There’s more to WebRTC than the obvious.
I’ve said it before and I’ll say it again: WebRTC is a technology and not a solution.
Want to build a service with WebRTC? By all means, do your own solution.
I am writing this after seeing this tweet on my way back home from vacation:
— Aswath Rao (@aswath) July 12, 2014
So litmus test for a service using WebRTC should be guest access? Without it, it doesn’t matter if it uses WebRTC?
I beg to differ.
WebRTC has two sides to its story – one dealing with developers and the other dealing with end users.
For end users, WebRTC is all about reduction of friction.
If I, as a user, don’t need to download anything, then there is one less decision to make. One less friction point between me and the service I am about to use.
This can be translated by services to allowing guest access (hey – you can now use a service without downloading an app for it), but that’s just one of many advantages of it.
For many use cases, this fact is just irrelevant or unimportant – especially in a world gone mobile-first and app-centric.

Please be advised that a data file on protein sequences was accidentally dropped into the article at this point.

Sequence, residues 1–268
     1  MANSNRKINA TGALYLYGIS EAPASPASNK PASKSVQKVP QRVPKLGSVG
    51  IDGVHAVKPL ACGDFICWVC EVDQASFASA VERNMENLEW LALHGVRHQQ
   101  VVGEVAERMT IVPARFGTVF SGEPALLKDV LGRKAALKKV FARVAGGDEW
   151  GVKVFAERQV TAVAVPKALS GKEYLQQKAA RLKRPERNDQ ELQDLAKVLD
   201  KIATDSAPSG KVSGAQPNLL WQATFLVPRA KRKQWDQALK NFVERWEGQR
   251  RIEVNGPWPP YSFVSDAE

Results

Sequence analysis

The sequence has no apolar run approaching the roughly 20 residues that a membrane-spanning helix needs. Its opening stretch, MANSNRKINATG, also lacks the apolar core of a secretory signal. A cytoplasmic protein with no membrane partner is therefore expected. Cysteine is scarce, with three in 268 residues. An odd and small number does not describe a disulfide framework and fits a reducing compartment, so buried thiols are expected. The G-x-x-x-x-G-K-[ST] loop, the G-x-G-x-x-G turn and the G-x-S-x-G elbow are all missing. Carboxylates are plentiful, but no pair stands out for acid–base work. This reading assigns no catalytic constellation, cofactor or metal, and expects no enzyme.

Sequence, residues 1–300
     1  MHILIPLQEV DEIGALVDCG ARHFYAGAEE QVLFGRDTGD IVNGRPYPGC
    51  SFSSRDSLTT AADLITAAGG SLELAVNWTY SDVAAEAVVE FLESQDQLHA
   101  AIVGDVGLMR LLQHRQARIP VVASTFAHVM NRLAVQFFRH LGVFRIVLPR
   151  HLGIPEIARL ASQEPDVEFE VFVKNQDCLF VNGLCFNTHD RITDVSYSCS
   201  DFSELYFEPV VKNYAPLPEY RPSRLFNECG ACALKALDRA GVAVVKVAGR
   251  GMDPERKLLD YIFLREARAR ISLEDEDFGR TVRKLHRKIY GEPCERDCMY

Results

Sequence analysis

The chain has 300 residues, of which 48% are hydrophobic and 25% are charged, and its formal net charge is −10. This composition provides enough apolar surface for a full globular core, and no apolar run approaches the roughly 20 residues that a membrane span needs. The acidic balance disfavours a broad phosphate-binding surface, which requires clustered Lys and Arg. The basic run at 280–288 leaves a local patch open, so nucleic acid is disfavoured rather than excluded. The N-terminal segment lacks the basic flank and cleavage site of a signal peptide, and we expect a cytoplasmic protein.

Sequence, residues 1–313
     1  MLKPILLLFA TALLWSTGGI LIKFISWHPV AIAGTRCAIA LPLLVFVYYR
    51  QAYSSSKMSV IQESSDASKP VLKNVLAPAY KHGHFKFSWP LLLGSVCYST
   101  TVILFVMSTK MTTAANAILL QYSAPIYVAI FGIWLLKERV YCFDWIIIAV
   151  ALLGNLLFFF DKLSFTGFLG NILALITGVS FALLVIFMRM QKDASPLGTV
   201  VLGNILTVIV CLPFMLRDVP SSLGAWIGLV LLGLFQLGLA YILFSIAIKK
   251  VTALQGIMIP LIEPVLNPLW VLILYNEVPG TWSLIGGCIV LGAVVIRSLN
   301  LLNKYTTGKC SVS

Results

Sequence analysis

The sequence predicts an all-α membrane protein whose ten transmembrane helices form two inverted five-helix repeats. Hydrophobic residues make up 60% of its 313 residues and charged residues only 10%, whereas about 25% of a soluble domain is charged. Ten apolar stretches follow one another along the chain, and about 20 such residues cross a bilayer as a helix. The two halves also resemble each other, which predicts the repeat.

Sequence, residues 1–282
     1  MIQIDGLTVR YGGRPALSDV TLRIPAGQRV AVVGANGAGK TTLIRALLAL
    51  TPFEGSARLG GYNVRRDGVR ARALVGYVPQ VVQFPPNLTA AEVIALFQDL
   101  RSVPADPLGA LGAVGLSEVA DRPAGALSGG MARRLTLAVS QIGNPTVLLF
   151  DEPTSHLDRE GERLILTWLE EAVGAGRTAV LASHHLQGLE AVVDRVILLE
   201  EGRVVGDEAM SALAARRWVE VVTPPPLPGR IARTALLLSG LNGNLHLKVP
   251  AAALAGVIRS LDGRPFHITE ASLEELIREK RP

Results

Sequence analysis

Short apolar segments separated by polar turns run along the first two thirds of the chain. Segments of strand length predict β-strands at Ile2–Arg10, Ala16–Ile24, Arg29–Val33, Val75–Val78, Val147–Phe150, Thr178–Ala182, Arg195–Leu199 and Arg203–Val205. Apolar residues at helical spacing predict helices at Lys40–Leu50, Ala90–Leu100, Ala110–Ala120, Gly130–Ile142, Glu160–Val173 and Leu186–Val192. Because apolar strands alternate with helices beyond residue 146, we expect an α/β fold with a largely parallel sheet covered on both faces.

For developers, WebRTC has two advantages to it:
- Being free means it reduces barrier of entry for developers
- Being targeted at web developers means a larger target audience of developers
These two traits means it makes the technology available to a larger audience of developers – a good thing.
The litmus test in my view is understanding what made a developer pick and choose WebRTC over other VoIP technologies available to him.
Why is this important?
WebRTC is many things to many people.
Each one views it from a different angle, seeing a different thing. This type of analysis limits the end result in one of two ways, both dangerous:
- Seeing only what you want to see, which translates to entrenched vendors deciding to use WebRTC only as an access point to existing services. The ramifications in doing this without understanding barrier of entry and friction implications are numerous
- Missing other angles of WebRTC that can be more advantageous to a service, such as vendors catering carriers whoare adamant that IMS will save WebRTC from its weaknesses
Each and every business case needs to be analyzed on its own from multiple directions when it comes to WebRTC. There’s no single litmus test here that can say when the use of WebRTC is important or impactful.